This WTF opening to a One Show interview
This year, The One Show continued its reign as one of the most baffling shows on television. At one point I tuned in to see Lauren Laverne outside New Broadcasting House introducing a giant egg, which opened to reveal Ian McKellen and John Bishop inside.
What makes The One Show all the more surreal is that once in a while, something truly wild happens, such as earlier this year when the actor Dan Stevens was invited on to talk about his new drama about the downfall of the Nixon administration.
Dan’s introduction started reasonably enough. “What you’ve got is a criminal for a leader who is wrapped in a messy war, embroiled in a stupid scandal and surrounded by ambitious idiots and really should resign … ” Then came an unexpected twist. “I’m sorry,” he said. “That’s the intro to Boris Johnson.”
Chaos ensued. Jermaine Jenas didn’t know where to look, so just stared at the floor. Alex Jones gasped louder than the time her co-presenter Matt Baker asked former prime minister David Cameron “how on earth do you sleep at night?”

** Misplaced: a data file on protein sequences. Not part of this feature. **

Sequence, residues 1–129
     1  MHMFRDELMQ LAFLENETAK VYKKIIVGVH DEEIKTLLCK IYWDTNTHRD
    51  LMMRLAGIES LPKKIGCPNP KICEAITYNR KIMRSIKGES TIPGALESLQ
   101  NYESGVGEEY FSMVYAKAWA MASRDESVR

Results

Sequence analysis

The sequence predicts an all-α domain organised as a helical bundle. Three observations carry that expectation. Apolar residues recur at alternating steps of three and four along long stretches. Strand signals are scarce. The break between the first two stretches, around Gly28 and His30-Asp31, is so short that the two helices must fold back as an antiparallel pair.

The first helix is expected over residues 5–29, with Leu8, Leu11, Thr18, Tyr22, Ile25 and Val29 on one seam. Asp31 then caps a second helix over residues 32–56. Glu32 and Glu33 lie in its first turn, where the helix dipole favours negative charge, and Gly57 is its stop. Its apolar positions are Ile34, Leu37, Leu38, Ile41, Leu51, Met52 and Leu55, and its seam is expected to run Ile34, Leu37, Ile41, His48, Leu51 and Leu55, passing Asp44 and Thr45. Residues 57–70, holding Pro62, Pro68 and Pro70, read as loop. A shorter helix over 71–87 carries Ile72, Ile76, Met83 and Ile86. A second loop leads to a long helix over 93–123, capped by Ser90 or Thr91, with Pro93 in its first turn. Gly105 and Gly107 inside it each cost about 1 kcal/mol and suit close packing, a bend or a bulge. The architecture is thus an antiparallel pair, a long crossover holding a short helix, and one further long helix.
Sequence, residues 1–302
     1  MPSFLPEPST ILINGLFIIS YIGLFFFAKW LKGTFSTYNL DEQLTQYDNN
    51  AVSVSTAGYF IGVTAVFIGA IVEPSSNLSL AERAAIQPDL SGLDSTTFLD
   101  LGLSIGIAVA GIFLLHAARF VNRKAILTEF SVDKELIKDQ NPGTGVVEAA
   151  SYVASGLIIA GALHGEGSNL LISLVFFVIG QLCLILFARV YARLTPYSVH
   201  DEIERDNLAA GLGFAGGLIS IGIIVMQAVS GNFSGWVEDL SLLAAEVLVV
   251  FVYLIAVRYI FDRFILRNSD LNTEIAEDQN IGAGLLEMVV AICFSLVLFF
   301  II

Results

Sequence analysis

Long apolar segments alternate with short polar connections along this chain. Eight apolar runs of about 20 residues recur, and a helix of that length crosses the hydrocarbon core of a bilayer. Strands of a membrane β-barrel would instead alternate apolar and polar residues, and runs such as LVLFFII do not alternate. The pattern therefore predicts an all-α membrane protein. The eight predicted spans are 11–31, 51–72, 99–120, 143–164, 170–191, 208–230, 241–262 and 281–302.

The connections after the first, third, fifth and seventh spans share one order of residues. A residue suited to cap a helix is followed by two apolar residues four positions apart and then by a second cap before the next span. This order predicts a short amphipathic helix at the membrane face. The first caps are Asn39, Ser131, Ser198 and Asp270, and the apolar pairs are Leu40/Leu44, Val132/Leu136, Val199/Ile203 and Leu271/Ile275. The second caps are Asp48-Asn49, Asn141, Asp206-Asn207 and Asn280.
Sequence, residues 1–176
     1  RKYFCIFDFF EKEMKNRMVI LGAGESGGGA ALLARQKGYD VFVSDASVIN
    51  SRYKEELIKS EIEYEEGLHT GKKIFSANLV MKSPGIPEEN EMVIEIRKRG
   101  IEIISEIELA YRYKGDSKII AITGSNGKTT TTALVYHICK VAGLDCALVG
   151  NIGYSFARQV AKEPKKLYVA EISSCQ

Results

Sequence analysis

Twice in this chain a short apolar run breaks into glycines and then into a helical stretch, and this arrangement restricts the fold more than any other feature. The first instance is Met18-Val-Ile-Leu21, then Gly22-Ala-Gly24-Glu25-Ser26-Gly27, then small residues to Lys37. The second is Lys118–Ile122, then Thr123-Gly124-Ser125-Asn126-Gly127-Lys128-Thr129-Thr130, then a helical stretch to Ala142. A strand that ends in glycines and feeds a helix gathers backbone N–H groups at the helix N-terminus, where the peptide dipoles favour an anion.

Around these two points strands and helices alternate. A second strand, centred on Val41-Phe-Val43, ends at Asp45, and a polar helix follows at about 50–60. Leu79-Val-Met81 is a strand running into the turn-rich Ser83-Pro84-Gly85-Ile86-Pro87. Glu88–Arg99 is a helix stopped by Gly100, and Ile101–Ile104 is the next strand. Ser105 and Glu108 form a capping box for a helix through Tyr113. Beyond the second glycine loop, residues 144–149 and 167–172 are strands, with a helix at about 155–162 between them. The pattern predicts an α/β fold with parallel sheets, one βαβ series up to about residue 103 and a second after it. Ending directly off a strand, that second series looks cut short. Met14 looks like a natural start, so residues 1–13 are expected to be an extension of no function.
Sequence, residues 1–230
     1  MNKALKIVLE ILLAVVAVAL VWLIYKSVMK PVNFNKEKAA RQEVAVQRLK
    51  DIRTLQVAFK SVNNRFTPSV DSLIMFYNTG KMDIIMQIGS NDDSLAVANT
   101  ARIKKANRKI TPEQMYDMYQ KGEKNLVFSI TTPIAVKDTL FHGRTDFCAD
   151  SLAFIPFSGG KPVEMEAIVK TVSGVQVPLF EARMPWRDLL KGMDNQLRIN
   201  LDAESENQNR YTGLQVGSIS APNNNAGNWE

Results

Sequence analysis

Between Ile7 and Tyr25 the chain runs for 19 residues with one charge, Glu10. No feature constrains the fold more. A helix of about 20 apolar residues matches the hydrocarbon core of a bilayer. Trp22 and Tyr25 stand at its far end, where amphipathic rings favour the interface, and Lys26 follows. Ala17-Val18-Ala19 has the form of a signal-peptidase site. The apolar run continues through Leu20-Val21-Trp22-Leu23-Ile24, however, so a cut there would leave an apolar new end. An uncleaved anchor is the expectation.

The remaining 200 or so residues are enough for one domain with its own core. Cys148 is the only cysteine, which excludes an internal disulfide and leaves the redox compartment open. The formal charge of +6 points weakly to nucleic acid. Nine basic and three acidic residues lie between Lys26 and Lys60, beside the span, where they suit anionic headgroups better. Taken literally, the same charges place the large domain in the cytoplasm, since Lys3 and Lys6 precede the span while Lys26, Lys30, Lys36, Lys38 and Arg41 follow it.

It was nearly as good as the time the legend Mel Brooks commented “what a crazy show this is” when the presenters tried to segue from his interview into an item about a woman’s long-lost father.
When Boris Johnson resigned – and British TV went wild
During the events surrounding Boris Johnson resignation as prime minister in July, things went … strange. At one point Lorraine Kelly brought out a “psychic pig” to work out whether he was actually going to go. And on the BBC News channel, a camera randomly zoomed in on Larry the cat outside Number 10, giving the impression that he was about to ask Boris to resign, too. Anti-Brexit protester Steve Bray went even further. As requested by Hugh Grant, he blasted the Benny Hill theme tune on loop on Westminster’s College Green as Conservative MPs gave interviews on who they were potentially backing for leader.
The newsreader caught with his feet up